Many years ago studies in the laboratory of our colleague Susan V. Bryant at the University of California, Irvine, demonstrated that the cells in the blastema are equivalent to the cells in the developing limb bud of the salamander embryo. This discovery suggested that the construction of a limb by the blastema is essentially a recapitulation of the limb formation that took place during the animal’s original development. An important implication of this insight was that the same genetic program is involved in both situations, and because humans make limbs as embryos, in principle we should already have the necessary programming to regenerate them as adults, too. It seemed, therefore, that all scientists needed to do was figure out how to induce an amputated limb to form a blastema.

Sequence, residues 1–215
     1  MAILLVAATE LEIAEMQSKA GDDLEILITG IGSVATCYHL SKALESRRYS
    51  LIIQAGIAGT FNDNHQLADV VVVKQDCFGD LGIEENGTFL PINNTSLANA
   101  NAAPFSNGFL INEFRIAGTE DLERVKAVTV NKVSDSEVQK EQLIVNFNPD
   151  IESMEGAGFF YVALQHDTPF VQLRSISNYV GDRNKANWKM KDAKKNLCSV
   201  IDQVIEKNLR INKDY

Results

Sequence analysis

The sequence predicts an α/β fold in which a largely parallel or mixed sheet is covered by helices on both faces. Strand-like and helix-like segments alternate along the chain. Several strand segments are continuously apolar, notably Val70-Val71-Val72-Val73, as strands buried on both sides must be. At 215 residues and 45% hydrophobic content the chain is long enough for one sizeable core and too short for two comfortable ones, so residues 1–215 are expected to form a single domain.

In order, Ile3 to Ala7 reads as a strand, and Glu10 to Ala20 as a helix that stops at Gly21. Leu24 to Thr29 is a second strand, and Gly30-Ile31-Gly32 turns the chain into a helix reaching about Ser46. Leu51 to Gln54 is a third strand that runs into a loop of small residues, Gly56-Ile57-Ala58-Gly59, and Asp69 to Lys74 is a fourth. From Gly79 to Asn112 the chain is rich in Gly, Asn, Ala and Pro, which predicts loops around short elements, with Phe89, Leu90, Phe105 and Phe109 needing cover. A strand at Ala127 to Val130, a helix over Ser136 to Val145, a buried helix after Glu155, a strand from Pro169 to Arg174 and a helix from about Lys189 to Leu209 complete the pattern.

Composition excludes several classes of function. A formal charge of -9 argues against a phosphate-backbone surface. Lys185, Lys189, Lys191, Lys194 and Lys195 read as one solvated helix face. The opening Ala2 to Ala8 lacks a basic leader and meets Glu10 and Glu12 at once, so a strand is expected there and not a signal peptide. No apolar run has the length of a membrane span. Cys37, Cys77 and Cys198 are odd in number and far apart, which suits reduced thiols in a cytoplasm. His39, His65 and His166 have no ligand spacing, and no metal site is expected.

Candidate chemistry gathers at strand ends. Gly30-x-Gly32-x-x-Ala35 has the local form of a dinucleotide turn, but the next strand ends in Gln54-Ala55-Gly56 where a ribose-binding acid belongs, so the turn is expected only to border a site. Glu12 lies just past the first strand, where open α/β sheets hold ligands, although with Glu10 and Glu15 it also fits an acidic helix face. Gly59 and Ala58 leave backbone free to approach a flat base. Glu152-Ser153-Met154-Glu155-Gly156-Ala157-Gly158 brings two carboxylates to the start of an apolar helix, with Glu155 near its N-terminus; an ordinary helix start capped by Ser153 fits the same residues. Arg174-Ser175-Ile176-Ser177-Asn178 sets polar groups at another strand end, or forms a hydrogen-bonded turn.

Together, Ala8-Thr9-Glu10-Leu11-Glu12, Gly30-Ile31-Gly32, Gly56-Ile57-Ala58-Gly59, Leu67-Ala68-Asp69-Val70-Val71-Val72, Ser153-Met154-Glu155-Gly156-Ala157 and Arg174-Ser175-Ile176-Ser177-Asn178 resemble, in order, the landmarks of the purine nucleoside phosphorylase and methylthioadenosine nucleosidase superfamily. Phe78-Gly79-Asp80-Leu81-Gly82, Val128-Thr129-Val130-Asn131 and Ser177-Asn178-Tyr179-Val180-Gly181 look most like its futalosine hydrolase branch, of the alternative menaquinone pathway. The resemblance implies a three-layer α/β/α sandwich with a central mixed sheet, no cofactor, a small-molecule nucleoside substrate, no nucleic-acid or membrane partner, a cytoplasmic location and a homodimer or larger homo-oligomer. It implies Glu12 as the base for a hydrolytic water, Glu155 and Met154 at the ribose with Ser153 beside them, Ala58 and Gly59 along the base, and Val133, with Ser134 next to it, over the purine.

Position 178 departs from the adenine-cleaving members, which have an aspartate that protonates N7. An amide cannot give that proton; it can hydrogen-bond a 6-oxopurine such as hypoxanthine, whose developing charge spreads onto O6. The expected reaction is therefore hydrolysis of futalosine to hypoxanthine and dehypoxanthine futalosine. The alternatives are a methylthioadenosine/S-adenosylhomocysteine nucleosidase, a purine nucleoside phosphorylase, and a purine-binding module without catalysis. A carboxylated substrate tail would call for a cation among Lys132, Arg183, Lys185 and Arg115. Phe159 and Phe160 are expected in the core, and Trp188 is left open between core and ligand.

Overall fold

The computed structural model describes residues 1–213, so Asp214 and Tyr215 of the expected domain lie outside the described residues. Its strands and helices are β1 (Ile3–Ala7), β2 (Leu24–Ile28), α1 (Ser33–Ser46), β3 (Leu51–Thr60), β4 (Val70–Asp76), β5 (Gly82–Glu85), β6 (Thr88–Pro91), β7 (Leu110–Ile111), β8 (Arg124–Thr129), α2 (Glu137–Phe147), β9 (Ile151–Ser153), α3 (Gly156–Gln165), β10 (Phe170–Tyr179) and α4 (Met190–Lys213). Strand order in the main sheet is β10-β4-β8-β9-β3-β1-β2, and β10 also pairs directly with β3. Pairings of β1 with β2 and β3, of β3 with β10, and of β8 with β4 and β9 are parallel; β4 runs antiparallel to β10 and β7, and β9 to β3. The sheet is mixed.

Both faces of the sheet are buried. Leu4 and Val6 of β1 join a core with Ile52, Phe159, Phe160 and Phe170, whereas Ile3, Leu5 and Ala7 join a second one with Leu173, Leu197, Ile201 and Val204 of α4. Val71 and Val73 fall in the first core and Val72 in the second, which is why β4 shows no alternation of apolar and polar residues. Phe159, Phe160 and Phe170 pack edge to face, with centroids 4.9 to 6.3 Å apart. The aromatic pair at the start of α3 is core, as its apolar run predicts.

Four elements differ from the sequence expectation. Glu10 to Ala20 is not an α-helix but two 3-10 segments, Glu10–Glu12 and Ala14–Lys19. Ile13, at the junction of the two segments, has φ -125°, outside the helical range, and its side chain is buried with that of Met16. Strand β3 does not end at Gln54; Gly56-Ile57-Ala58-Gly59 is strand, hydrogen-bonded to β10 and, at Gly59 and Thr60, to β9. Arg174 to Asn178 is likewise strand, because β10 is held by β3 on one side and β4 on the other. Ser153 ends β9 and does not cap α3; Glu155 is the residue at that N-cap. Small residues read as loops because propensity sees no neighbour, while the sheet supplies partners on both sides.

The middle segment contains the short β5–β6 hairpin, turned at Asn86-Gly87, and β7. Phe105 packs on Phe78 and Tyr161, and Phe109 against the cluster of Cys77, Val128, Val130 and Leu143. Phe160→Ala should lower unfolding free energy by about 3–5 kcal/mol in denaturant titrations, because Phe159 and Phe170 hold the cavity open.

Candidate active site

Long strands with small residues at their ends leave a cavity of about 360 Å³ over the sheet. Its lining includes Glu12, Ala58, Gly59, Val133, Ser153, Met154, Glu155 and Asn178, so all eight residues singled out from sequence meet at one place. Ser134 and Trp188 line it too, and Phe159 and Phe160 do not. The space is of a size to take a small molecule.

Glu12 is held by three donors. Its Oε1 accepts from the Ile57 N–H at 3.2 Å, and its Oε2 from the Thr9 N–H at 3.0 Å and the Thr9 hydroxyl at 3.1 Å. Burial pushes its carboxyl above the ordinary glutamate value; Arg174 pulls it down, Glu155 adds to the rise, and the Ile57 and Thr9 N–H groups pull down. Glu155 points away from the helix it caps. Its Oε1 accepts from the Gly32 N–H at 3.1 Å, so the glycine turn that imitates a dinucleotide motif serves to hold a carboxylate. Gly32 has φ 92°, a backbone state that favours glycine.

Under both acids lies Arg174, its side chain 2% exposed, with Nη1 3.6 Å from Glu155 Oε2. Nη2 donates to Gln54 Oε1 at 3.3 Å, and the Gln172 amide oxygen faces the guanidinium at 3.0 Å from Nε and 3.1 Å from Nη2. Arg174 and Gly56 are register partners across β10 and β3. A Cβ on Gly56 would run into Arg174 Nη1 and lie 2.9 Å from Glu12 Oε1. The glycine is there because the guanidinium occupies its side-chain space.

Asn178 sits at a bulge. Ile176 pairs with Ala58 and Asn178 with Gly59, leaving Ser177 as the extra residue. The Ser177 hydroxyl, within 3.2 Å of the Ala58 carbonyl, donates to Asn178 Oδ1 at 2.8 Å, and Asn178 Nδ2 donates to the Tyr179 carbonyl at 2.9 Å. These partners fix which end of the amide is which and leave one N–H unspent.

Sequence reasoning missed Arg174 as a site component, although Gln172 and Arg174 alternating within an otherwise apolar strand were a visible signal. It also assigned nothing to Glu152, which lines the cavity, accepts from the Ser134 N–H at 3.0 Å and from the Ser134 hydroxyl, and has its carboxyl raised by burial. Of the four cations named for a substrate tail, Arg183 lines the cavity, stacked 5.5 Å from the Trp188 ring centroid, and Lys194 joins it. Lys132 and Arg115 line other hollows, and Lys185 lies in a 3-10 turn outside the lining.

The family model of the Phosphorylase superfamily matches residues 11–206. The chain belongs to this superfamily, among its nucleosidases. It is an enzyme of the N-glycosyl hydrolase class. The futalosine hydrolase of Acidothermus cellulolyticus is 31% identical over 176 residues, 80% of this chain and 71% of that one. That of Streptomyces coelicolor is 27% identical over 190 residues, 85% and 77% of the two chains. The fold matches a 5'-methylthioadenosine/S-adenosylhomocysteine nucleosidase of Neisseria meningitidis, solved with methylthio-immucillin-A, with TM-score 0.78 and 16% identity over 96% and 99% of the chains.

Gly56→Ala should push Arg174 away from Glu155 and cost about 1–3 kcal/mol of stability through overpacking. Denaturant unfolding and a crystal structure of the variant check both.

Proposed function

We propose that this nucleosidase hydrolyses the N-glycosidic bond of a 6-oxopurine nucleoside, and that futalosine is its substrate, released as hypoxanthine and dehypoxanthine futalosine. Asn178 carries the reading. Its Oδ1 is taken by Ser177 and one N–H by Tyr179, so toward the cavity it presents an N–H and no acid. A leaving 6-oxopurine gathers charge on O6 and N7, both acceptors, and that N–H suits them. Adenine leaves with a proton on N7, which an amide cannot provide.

The April issue of Scientific American looks at research that may one day lead to self-regeneration of human body parts. Link -via Digg
(image credit: Aaron Goodman)